Nine Ways is colorful, strange, and intensely morbid. But more than anything, it is an absolutely fantastic album. After Laugh, It’s a Fright earlier this year, we were expecting a great second album, and we certainly weren’t disappointed. From the starting point of its already excellent debut, The Chairs progressed immensely higher. Combining the energetic musical creativity of The Chairs with Alex Schaaf’s excellent vocals and utterly amazing lyrics, Nine Ways is not only a great second album for The Chairs, but easily one of the best albums this year.

“Charlotte Pipe” from Nine Ways


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5 Responses

  1. […] Chairs are on their East coast tour supporting their new album, Nine Ways, which has been getting lovely reviews. They’ve also made their previous album Can We Be Friends? available as a free […]

  2. […] – “The Chairs released its first full-length last spring, and has since pro­duced two EPs, and now a sec­ond album. Due out on the 17th, Nine Ways is sim­ply an incred­i­ble album, some­thing not even the out­stand­ingly high quan­tity of work The Chairs pro­duced this year could sti­fle. The album show­cases nine rather unique ways to die, or more accu­rately, to be killed, not only in each of its tracks (dur­ing which a total of eigh­teen peo­ple pass away) but on the var­i­ous album cov­ers (yes, there are mul­ti­ple cov­ers), each cor­re­spond­ing to a track and method of death. But Nine Ways is not just more mor­bid than the band’s last album: it is also more exper­i­men­tal, more detailed, and more intel­li­gent. Nine Ways is noth­ing short of an amaz­ing album.” Review from Plumbiferous: http://plumbiferous.com/1312/nine-ways-the-chairs […]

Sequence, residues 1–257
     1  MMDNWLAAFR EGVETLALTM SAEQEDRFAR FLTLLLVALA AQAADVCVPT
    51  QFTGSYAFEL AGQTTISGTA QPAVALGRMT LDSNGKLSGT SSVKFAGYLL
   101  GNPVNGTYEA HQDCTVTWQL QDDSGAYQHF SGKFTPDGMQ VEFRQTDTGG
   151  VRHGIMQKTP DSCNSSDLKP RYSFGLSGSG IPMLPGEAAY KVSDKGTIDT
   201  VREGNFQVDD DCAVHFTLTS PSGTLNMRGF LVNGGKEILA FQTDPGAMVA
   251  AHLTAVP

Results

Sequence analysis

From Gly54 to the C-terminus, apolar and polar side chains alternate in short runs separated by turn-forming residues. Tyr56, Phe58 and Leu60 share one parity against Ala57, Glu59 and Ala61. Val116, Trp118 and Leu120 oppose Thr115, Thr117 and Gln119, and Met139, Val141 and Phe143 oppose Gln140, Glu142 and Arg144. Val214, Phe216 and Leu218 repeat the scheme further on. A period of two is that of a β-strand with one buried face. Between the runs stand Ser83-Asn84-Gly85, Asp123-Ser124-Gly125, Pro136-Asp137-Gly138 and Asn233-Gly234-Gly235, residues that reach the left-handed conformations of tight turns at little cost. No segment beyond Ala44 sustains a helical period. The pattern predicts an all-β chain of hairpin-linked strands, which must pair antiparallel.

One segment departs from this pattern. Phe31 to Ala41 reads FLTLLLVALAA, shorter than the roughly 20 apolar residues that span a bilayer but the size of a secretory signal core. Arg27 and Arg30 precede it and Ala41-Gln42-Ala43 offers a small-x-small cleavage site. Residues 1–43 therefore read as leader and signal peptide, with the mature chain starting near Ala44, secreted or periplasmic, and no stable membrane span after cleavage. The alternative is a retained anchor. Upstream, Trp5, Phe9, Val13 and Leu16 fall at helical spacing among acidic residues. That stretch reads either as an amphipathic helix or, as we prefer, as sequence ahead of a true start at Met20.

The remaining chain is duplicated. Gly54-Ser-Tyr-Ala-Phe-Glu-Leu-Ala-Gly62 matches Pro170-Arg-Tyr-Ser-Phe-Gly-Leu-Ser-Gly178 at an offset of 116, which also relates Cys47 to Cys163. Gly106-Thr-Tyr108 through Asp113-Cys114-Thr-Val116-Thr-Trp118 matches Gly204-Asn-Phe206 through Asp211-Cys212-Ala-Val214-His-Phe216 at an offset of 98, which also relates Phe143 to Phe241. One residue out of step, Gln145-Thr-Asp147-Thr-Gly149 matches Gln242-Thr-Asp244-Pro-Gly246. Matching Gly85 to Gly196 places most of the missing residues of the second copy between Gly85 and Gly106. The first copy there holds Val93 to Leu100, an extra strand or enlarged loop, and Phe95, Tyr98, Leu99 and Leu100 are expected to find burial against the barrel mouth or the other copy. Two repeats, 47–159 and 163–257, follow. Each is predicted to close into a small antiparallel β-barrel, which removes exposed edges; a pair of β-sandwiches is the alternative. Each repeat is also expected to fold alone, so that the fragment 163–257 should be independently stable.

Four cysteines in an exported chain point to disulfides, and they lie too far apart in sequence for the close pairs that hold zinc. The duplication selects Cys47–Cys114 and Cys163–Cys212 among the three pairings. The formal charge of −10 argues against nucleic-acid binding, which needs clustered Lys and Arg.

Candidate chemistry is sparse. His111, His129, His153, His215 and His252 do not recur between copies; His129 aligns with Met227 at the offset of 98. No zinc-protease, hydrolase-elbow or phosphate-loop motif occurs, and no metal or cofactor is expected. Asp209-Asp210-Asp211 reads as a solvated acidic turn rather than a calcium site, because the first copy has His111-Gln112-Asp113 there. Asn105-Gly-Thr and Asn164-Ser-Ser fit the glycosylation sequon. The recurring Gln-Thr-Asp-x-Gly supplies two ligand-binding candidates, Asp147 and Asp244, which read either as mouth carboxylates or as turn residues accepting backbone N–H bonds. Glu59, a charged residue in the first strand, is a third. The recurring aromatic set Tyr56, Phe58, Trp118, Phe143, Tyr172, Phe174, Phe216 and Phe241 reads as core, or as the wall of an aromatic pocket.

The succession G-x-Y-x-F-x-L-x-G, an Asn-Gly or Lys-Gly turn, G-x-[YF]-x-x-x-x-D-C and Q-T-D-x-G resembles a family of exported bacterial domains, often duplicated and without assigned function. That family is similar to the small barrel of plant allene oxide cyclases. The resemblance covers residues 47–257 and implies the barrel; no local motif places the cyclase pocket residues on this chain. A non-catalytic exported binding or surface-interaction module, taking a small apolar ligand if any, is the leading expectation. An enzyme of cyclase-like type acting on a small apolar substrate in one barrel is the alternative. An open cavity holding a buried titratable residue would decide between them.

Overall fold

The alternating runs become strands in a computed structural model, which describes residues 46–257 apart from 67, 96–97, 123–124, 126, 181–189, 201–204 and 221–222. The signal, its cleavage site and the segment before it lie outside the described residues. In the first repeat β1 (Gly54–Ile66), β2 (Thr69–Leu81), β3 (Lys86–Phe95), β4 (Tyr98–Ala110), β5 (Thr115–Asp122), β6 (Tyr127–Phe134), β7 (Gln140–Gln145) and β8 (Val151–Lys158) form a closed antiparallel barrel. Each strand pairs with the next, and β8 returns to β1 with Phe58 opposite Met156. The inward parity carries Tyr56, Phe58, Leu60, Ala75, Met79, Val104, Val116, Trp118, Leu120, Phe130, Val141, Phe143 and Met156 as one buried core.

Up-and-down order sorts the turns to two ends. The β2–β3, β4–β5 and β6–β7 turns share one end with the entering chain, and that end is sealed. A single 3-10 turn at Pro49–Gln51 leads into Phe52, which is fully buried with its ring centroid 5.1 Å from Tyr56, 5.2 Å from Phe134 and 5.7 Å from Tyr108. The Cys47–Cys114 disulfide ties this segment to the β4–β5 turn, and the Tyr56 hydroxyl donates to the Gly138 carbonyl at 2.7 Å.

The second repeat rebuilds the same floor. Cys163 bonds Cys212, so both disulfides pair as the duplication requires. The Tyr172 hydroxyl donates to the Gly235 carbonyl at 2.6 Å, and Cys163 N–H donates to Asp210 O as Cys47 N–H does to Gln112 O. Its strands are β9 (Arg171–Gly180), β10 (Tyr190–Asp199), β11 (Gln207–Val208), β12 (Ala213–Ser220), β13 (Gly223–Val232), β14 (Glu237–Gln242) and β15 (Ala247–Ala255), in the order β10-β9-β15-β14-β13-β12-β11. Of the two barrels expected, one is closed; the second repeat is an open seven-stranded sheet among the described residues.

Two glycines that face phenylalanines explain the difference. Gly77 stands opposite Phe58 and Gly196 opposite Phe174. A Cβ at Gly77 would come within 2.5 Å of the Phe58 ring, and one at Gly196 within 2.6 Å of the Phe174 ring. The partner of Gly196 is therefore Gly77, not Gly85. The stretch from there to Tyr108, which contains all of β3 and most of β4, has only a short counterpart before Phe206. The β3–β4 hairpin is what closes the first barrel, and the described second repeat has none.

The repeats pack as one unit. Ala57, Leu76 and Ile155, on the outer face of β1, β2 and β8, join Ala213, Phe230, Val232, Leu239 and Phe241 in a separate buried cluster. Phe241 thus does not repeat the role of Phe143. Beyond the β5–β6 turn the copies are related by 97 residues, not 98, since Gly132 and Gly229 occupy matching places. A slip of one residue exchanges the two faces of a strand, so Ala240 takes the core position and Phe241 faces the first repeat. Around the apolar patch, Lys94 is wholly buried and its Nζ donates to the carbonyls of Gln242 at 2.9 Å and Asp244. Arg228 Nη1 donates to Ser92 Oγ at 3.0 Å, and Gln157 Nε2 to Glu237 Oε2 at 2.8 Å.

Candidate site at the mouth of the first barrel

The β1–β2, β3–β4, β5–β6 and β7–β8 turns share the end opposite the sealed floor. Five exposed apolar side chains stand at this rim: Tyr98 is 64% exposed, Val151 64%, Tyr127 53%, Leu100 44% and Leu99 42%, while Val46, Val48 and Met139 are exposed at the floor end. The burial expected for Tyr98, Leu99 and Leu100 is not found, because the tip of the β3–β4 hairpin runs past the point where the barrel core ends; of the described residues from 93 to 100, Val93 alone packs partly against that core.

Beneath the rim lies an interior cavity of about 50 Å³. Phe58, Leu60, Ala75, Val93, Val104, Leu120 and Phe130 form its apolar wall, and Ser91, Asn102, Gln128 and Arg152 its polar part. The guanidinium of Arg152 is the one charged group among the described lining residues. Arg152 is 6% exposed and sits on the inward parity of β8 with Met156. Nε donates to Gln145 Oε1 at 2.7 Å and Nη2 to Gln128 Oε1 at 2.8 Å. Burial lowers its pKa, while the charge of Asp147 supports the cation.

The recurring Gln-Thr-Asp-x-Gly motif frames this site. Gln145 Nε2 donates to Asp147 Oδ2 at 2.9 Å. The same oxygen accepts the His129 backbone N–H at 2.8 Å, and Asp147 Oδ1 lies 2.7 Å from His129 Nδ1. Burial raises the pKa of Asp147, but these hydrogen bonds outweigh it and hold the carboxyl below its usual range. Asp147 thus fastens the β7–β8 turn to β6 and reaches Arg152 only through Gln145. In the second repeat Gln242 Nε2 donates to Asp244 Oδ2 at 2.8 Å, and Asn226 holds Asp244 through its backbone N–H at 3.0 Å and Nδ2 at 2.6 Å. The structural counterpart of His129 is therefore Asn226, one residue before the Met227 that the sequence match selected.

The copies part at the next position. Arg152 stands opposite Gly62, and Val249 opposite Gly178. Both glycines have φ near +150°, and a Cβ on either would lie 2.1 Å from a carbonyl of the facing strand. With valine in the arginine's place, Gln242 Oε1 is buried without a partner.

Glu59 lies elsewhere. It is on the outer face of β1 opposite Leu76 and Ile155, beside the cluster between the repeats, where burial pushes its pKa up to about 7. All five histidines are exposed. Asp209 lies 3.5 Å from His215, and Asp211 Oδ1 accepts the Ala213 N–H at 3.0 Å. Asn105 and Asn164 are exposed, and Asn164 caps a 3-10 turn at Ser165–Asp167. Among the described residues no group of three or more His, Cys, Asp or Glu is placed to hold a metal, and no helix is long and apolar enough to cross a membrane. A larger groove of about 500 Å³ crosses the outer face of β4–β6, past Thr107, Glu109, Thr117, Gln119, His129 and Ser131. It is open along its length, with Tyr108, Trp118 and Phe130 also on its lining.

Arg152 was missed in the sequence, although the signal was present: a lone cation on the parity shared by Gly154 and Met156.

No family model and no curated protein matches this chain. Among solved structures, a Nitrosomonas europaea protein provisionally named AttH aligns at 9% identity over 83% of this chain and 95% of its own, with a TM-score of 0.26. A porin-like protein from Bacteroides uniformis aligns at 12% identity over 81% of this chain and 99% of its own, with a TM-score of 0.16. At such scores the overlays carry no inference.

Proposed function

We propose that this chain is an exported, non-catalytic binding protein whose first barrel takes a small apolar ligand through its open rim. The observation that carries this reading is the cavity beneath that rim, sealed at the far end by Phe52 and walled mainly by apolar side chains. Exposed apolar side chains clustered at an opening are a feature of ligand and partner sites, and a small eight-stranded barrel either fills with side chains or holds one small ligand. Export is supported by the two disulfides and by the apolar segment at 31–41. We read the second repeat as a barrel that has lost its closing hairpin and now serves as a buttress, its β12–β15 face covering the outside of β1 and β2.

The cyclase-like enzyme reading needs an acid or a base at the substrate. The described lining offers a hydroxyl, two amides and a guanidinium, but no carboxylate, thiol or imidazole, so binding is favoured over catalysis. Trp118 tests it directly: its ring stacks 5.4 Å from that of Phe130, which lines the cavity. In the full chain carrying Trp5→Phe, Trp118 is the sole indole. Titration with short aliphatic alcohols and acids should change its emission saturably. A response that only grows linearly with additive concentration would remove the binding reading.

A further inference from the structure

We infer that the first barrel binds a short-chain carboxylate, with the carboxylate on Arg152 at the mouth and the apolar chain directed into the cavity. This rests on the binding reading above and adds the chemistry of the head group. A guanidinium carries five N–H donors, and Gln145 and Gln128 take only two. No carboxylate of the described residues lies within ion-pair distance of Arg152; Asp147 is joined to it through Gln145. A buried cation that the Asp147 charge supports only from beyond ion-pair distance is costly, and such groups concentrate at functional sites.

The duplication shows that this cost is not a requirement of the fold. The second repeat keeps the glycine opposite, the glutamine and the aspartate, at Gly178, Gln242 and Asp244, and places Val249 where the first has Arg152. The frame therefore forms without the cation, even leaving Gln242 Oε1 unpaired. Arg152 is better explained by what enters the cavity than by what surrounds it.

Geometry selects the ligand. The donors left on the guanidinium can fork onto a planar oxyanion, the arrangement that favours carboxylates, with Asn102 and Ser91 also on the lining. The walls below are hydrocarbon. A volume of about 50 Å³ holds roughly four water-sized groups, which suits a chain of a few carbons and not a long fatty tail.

3. Alex says:

    Album slays.

  4. […] reviews like, “One of the best albums of the year…a near perfect album,” says Plumbiferous Media as they give the album a score of 98 out of 100.  I’ll post a link to listen to the entire […]

  5. […] from Appleton Wisconsin, are fresh off of their record release tour for Nine Ways, and album that Plumbiferous calls, ”One of the best albums of the […]